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Portrait of two-year child at playground area in summer

Daycare Runaway

By Amalah

Hello Amy!

I’m hoping you can help me sort out whether I am over-or-under-reacting to a little drama at my daughter’s daycare

I have an 18-month-old daughter named Elle (name changed). She’s enrolled full-time at a home-based daycare in our neighborhood. There are lots of children there, and many are part-time, so it’s a little difficult to parse out the numbers, but my guess is that there are about 18 kids and 5 caretakers. Those caretakers, for the most part, speak exclusively Mandarin, so all our communication goes through one woman, Ava.

Yesterday, Ava texted all the parents asking them to pick up the kiddos at a local park, a few blocks away from the daycare. When my husband arrived he couldn’t find Elle. He noticed the Ava handing off another child to their parent, but our daughter was nowhere to be seen. He searched the playground for 30 seconds or so, then saw another daycare mother, Sarah, bringing Elle back into the playground. According to Sarah, Elle had wandered off, unnoticed, into the big kid’s playground around the corner (and down about five pretty big steps.) The parent of an older child noticed a toddler by herself and pointed her out to nearby parents. Sarah recognized Elle and brought her back. As far as I can tell all this happened over the course of 1-2 minutes.

When my husband asked Ava why Elle wasn’t being watched, she apologized and said that she (Ava) had seen him approaching and had told Elle her daddy was there. Elle got excited and wandered off to meet him, while Ava was distracted handing off another child to a parent.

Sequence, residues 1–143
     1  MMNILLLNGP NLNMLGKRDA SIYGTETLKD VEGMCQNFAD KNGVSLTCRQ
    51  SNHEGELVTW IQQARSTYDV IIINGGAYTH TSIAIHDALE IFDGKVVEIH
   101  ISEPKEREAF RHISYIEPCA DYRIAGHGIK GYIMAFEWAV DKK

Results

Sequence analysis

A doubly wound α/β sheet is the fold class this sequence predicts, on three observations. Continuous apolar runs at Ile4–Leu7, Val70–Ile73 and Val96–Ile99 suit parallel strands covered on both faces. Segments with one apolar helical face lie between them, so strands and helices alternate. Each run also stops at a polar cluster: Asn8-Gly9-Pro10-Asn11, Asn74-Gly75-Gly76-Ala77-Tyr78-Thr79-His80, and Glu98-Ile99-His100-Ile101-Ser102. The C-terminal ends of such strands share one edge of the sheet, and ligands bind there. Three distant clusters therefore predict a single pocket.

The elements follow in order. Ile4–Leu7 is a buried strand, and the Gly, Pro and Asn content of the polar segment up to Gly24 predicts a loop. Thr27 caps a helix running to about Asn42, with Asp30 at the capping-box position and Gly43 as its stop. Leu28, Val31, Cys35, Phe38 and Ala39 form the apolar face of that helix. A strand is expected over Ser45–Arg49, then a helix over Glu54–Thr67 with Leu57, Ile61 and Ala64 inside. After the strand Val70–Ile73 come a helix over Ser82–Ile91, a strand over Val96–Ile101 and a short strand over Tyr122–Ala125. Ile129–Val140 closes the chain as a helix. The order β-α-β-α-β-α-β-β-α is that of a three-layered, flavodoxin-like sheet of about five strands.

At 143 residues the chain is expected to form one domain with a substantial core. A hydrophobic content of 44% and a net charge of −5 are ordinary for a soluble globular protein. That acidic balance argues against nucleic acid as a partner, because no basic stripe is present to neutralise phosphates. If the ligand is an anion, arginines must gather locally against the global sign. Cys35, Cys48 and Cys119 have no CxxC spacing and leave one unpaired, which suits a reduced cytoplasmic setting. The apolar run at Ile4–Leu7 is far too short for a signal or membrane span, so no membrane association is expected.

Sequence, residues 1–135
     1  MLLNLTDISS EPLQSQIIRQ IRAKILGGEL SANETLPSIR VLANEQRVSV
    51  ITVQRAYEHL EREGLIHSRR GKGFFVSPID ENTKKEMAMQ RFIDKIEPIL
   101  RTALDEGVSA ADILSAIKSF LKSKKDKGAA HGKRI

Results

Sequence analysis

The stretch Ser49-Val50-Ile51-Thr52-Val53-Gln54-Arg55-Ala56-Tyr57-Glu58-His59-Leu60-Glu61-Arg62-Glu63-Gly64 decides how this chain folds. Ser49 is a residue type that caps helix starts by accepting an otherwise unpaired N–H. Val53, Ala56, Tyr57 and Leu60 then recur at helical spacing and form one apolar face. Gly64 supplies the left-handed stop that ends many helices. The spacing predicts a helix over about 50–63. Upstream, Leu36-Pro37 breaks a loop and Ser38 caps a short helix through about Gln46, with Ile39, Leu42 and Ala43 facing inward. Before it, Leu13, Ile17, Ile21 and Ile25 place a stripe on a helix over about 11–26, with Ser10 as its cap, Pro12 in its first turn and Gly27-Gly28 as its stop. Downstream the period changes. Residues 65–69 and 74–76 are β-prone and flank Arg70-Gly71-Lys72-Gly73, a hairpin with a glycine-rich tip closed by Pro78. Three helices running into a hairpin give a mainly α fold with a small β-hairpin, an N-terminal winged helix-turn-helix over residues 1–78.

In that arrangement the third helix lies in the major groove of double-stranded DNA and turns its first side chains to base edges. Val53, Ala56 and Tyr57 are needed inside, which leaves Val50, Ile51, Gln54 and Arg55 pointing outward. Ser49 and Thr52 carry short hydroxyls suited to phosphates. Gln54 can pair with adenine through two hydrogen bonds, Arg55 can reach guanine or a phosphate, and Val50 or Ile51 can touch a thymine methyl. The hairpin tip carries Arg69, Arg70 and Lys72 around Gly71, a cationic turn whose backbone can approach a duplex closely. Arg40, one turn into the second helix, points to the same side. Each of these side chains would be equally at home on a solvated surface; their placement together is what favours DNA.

Since then my husband has texted the daycare, reminding them that Elle is quick and quiet. When I dropped Elle off this morning Ava apologized again and assured me this had never happened before. I reminded her that Elle has a tendency to wander off and they need to keep that in mind, especially during outings. I accepted her apology and told her we could move past this.

The thing is… I’m not sure if I can move on. When I think about her wandering off and no one noticing I feel sick to my stomach. And Elle doesn’t technically need to be in daycare. She started 6 months ago so I could go back to work full time, but that job didn’t work out. For the past month, I’ve been trying to get a freelance writing career off the ground, but I’m not currently making any money from that. I could very easily pack it in for now and pull Elle from daycare. But, apart from this one instance, both Elle and I are happier when she’s in daycare. She has fun and learns, and I find the time we spend together in the evenings and weekends is so much more fulfilling than when we were together 24/7. I do have a lot of guilt about not wanting to be home with her full time, but I have been trying to work through that. This experience has made that guilt flare up big time.

My husband thinks we should let it go, but I am not sure if that’s irresponsible of us. Thoughts?

Thank you!



I would also have a very, VERY hard time moving past something like this. I mean, toddlers wander, mistakes happen, nobody’s perfect, but…


There are a couple other things jumping out here that give me additional pause about this particular daycare setup. First, the fact that you aren’t 100% sure of the kid-to-caretaker ratio at all times. The actual laws vary by state, but here’s a general overview on ratios and group sizes from 18 kids and five adults is a perfectly fine ratio, provided that’s actually what’s happening throughout the day when the part-time kids circle in and out. But I don’t think this is something you should have to guess at or estimate! The daycare should be upfront and transparent about it!

And obviously I don’t have all the details about the kids’ ages, groupings and the daycare’s facilities, but 18 kids in a single home-based daycare is…a lot. (Most home-based group care is limited to 12 children and two caretakers.) This sounds more like a larger commercial daycare setup, which makes me wonder if it’s being operated 100% on the level and within the limits of its home-based license. (And whether all those caretakers are being paid fairly and above board.)

So, I personally wouldn’t be able to move forward without a deep dive into the center’s licensing and a clearer sense of the child/caretaker ratio.